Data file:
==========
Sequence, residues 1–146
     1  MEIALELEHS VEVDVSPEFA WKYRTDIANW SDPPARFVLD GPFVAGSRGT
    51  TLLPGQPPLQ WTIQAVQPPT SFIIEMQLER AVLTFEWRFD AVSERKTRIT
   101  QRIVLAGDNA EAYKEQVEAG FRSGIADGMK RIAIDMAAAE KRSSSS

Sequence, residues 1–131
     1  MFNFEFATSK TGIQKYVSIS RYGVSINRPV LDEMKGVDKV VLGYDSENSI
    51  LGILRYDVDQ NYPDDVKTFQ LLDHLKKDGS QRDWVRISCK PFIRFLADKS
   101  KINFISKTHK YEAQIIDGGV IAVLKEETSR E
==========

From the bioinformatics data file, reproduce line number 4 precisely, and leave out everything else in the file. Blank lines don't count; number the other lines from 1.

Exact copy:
   101  QRIVLAGDNA EAYKEQVEAG FRSGIADGMK RIAIDMAAAE KRSSSS